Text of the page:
Eric normally photographs animals for the Life On White project, capturing images of domestic and wild animals on white backgrounds. The initiative has taken pictures of over 1,000 species since its inception eight years ago.

Unfortunately there is no American dog represented, perhaps because we don't have a clear iconic breed. If you were to create a photo for team U.S.A., which dog would be featured?

Dog's Life: Lifestyle
Puppy Shower for Homeless Dogs
Mo. animal shelter holds an event to increase adoptions and gather donations
This spring, the Cascades Humane Society in Jackson, Mo. found themselves with 21 puppies on their hands. First a pregnant Husky mix gave birth to seven puppies, just days after being abandoned at the shelter. Then three Border Collie mix puppies were brought in, so undernourished and weak that they went straight to a foster home to be nurtured back to health. Next 11 more three week old puppies were abandoned in a nearby home and were brought to the shelter. Being so young, the little guys required round the clock hand feeding.

As you can imagine, the care for these pups has been expensive and the sudden influx meant the shelter had to find a lot of good homes. So earlier this month, Cascades put together a Puppy Shower to create awareness, find adopters, and gather donations. The event was a success with over 200 attendees and a personal shelter record for the most cats and dogs adopted in a single day. In all, 18 puppies, six cats, and four adult dogs found forever homes through the event.

Having a Puppy Shower is such a great idea to gather animal lovers together to help a good cause with an adorable theme!

Good Dog: Behavior & Training
Baby Named After Dog Who Saved Her Life
Jade found the abandoned baby in a park

When Jade the German Shepherd sprinted into the bushes during a walk, lay down and refused to return to her guardian, her behavior was literally life-saving. When Roger Wilday came over to his dog, he discovered that Jade was lying next to an abandoned newborn baby. According to doctors, she would not have survived more than a couple of hours longer on her own. The baby, who hospital workers named Jade in honor of the dog who saved her, is doing well, and efforts to find her parents are underway.

Naturally, it makes us feel good to know that a dog’s keen ears or nose led her to a baby in desperate need of help, which saved her life. What I find most interesting about this story, though, is that the dog took the initiative to head toward the baby and wouldn’t leave. She refused even though the guardian presumably wasn’t initially thrilled that his dog ran off and wouldn’t come when called.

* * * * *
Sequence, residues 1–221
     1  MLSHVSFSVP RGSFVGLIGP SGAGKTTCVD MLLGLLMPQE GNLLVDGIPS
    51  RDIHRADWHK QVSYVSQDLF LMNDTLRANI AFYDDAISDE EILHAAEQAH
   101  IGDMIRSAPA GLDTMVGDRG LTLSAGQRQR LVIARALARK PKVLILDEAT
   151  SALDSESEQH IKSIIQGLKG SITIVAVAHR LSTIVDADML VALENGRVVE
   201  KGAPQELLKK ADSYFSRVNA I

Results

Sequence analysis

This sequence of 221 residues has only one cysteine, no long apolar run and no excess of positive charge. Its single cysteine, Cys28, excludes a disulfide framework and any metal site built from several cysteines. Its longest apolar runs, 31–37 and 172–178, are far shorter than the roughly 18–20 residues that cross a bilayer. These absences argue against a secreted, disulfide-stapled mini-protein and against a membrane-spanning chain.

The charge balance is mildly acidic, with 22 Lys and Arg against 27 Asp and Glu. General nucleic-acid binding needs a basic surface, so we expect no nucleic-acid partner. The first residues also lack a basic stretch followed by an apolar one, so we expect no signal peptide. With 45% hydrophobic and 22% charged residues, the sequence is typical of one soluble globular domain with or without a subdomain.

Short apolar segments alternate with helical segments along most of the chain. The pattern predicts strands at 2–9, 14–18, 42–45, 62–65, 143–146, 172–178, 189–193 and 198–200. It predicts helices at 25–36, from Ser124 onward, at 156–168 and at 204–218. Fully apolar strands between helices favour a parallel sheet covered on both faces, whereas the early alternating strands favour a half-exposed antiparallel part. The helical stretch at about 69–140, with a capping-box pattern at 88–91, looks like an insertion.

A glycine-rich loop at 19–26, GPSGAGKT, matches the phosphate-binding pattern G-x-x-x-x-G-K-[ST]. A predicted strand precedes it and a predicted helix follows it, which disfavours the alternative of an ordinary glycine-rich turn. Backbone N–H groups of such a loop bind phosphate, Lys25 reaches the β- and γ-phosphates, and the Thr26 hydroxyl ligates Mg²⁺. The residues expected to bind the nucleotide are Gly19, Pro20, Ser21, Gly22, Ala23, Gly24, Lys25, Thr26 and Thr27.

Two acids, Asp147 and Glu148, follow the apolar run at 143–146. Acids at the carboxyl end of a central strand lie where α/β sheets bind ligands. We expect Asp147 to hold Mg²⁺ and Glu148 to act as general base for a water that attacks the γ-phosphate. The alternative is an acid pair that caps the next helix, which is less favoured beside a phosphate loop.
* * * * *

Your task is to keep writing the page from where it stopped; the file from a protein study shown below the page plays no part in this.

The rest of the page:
Jade was apparently eager to communicate with her guardian that he needed to come investigate, and she behaved in a way that caused him to do exactly that. This is a dog who is very fond of children, as many dogs are, yet her understanding of the situation seems to extend beyond a simple, “This is a baby and I like to be near babies.” Her behavior suggests that she wanted her guardian to find the baby, too.

Dog's Life: Lifestyle
Generosity in a Time of Need
A N.J. couple leaves a $1,000 tip towards a large vet bill.
Pets are amazing conversation starters and give people a common passion that creates an instant connection. Last weekend, Christina Summitt's paw print tattoo led to an act of generosity that she could have never imagined.  

Christina's wrist tattoo often leads to conversations with strangers about her love of animals. Despite working three jobs and managing a family of three kids and one dog, Christina always makes time to volunteer with a pit bull rescue and aid in other animal adoptions.

While bar tending at the Holiday Inn in Clinton, New Jersey last weekend, a couple asked about her tattoo and her pets. Christina mentioned that Tucker, her Great Dane-Black Labrador mix was at the veterinarian after having emergency surgery and it was almost all she could think about.

The man mentioned something about surgery being expensive and they started talking about the expensive vet bill and her commitment to Tucker, whom she adopted in 2011.

After the couple finished their meal, they closed out their $80 tab and left a $1,000 tip. When Christina saw the credit slip, she started sharking and crying in disbelief. After verifying that she was seeing the number correctly, Christina approached the man to say she couldn't accept such a large tip. But he insisted she put it towards Tucker's veterinary bill.

She hugged the couple and they said, "we'll be praying for Tucker" before leaving the bar.

Christina's manager followed up with the customers to verify that the gesture was legitimate and found out that they do this quite frequently.

As word about the good deed made the internet rounds, Christina says that she's received messages of support from all over the world and has been inspired by how this random act gave so many people hope. She'd love nothing more than to publicly thank this couple, but they wish to remain anonymous.

The even better news is that Tucker is now back at home recovering from his surgery.

Good Dog: Behavior & Training
Dog Waits Outside Hospital For 8 Days
Reunion with homeless guardian worth it

Lauri da Costa, a homeless man in Brazil who stumbled to the hospital after being hit in the face by a rock, has a priceless friend in his dog Seco. When da Costa went inside the hospital, neither he nor his dog could have known that it would be more than a week before he came out again.

Luckily, the injuries from the attack were not incredibly serious. However, during the exam, doctors discovered that he had melanoma, which required an operation right away. So, it was 8 days until da Costa emerged from the building for a reunion with Seco, who had waited outside in the parking lot the whole time. During their separation, members of the hospital staff fed Seco and gave him water.

Many dogs do wait for their guardians, although such behavior is not universal. Do you think your dog would wait for you?